WGA fetes 'Country,' 'Juno'
Fun in N.Y. at scaled-back eventDiablo Cody's "Juno" took the prize for original screenplay and Ethan and Joel Coen's adaptation of Cormac McCarthy's novel "No Country for Old Men" was the winner in the adapted screenplay category as the WGA West and the WGA East announced their annual awards Saturday night.
Because of the writers strike, the WGAW did not hold its customary awards dinner and instead simply issued a news release, while the WGAE held a scaled-back reception at the Hudson Theatre in New York.
Having also picked up awards from the DGA and the PGA, the Coens' "No Country" has to be considered the front-runner heading into the Feb. 24 Academy Awards.
The writers also recognized Alex Gibney's "Taxi to the Dark Side," an investigation into interrogation techniques, as best documentary screenplay.
On the TV side, the dramatic series honors went to HBO's "The Wire," written by Ed Burns, Chris Collins, Dennis Lehane, David Mills, George Pelecanos, Richard Price, David Simon and William F. Zorzi. Comedy series kudos went to NBC's "30 Rock," written by Brett Baer, Jack Burditt, Kay Cannon, Robert Carlock, Tina Fey, Dave Finkel, Daisy Gardner, Donald Glover, Matt Hubbard, Jon Pollack, John Riggi, Tami Sagher and Ron Weiner.
The WGAE event reflected the upbeat spirits surrounding the pending resolution to the strike. WGAE president Michael Winship kicked off the night saying to great cheers that he was "hopeful" that the union is "on the cusp of a revolutionary deal for all of us."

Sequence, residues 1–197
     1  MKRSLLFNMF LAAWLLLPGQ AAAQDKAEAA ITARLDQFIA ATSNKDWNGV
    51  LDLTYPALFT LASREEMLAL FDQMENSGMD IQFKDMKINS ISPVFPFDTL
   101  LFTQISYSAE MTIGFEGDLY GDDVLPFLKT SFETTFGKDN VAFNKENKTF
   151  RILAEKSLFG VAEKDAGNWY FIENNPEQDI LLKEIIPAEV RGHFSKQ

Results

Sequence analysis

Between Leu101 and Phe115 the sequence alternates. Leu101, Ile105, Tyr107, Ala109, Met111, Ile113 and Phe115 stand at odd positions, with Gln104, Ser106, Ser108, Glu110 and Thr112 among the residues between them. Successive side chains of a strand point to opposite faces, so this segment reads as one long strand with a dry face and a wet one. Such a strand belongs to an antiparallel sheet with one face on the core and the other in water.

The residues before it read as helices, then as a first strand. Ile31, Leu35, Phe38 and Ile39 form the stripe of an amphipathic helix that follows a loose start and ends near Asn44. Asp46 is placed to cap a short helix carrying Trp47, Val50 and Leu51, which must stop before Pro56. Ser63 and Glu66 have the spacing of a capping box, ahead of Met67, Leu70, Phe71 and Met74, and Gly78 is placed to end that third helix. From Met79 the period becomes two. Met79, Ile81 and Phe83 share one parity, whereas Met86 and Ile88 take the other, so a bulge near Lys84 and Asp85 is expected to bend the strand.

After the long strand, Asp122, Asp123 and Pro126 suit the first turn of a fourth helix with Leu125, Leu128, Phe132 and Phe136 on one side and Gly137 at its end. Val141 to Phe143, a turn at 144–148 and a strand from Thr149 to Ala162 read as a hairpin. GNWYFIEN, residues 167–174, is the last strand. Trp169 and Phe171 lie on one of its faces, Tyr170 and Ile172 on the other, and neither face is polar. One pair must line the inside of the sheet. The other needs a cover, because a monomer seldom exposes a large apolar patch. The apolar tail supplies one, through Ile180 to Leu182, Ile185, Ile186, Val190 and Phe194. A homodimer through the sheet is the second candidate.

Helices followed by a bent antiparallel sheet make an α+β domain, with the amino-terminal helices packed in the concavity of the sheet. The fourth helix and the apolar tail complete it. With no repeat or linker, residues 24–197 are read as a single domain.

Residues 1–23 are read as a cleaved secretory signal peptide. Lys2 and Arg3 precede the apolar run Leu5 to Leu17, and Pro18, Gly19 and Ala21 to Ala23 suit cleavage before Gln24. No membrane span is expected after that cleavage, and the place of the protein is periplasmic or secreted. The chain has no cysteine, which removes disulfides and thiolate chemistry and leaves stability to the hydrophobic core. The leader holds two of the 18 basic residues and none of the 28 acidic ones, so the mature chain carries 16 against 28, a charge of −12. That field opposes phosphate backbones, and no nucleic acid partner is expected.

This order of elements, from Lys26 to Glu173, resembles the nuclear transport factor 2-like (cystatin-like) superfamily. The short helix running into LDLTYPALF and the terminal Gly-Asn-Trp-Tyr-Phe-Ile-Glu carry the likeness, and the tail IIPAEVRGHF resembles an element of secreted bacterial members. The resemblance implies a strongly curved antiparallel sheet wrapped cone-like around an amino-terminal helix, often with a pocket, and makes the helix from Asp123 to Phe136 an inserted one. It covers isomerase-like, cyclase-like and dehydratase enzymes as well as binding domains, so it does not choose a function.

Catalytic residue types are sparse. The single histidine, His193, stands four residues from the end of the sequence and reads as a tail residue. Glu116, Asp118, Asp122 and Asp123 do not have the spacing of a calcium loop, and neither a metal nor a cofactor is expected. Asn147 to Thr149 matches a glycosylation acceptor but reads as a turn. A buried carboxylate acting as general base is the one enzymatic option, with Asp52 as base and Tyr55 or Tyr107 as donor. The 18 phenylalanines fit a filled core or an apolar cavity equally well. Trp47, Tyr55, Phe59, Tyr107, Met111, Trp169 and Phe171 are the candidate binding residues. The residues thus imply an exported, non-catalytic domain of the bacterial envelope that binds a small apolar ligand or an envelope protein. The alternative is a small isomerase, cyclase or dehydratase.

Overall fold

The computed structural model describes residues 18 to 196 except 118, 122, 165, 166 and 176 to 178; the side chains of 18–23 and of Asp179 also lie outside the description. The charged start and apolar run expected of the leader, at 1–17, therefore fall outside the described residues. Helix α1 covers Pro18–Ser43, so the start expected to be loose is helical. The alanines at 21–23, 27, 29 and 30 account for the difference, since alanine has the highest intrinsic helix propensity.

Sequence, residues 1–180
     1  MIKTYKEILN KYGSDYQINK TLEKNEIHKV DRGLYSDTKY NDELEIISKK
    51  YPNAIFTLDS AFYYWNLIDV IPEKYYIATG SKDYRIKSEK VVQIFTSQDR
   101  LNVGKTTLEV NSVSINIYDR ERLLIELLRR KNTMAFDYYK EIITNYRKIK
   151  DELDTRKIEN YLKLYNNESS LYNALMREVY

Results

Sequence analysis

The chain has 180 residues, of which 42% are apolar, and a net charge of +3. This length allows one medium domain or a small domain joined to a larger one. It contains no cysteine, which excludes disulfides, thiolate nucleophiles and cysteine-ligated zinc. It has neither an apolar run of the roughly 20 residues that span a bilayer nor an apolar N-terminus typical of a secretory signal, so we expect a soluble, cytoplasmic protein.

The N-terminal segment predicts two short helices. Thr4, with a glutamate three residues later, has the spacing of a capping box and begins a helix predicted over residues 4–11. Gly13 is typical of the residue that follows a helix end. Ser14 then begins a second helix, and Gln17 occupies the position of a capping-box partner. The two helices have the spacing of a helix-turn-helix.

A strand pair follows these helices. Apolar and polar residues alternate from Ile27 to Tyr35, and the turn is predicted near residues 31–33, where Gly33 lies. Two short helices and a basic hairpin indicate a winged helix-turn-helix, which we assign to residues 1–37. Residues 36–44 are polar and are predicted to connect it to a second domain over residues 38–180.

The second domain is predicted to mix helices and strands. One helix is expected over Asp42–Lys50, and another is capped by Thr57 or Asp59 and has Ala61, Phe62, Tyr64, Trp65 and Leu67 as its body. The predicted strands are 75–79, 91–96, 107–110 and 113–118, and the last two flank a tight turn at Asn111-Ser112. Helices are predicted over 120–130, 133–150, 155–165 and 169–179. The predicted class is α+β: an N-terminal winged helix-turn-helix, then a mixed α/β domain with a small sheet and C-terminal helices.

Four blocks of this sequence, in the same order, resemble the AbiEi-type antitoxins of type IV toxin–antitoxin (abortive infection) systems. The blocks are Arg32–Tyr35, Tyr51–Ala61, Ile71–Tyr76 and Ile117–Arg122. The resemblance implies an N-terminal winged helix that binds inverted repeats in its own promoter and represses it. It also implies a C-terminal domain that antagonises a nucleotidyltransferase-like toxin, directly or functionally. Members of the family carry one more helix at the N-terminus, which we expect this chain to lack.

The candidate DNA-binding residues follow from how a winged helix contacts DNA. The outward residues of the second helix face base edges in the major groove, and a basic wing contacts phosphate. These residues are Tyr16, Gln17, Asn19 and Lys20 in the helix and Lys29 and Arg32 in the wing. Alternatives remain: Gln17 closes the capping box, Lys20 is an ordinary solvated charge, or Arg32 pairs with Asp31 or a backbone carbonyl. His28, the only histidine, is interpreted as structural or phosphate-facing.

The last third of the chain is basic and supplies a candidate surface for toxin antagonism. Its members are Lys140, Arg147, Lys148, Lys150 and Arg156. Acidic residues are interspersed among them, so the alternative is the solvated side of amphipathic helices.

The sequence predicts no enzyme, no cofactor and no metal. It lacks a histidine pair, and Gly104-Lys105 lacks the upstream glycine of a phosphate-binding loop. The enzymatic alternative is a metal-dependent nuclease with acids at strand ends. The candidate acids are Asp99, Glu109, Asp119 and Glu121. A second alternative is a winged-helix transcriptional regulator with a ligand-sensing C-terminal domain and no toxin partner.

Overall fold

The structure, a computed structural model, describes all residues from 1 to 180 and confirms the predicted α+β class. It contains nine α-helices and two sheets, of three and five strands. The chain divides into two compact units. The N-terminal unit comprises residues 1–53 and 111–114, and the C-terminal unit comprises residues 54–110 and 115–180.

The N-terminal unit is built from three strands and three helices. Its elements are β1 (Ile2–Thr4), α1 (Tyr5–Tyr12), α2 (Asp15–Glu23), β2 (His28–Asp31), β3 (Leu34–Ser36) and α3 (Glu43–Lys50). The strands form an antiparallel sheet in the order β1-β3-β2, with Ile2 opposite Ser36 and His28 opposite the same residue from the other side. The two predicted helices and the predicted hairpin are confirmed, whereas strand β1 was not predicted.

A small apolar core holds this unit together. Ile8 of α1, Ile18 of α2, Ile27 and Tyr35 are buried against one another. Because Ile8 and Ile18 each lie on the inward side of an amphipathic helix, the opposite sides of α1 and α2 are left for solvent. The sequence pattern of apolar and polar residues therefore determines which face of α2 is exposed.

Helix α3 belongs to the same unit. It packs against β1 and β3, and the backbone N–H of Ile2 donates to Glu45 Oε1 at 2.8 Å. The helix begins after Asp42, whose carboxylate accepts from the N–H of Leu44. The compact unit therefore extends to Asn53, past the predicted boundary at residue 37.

Walter Bernstein, who won the Evelyn F. Burkey Award for contributions that have brought honor and dignity to writers, echoed Winship's political sentiment in accepting his award. He lauded the level of "pride and solidarity (of recent months) that I've never seen in all the years I've been in the guild."
Bernstein also quipped: "If I have brought honor and respect to writers, I apologize (since it's the last thing they need). What they need is money."
"Saturday Night Live's" Seth Meyers, fresh from his recent role as strike captain, hosted and set the tone for subsequent comic riffs from Richard Belzer, Rachel Dratch and Triumph the Insult Comic Dog. Addressing his fellow strikers, Meyers joked, "I can't begin to tell you how sick and tired I am of all of you."
Among the other awards announced on the two coasts, AMC's "Mad Men" was hailed as best new series. The winner for episodic drama was "The Second Coming" episode of "The Sopranos," while "The Office" episode "The Job" took the prize for episodic comedy. "Pandemic" was chosen in the longform original category, while "The Company: A Story of the CIA" prevailed in the longform adaptation competition.
"Kill Gil Volumes 1&2," from "The Simpsons," scored in TV animation. "The Colbert Report" was the winner in the comedy/variety category.
Recipients of the WGAW's 2008 honorary and service awards — including the Screen Laurel Award; Paddy Chayefsky Laurel Award for Television; Paul Selvin Award; Morgan Cox Award; and Valentine Davies Award — will be honored at an event later this year.
Recipients of the WGAE's other honorary awards will be announced and recognized at another time.
A complete list of winners is available at THR.com.
Gregg Kilday reported from Los Angeles; Georg Szalai reported from New York.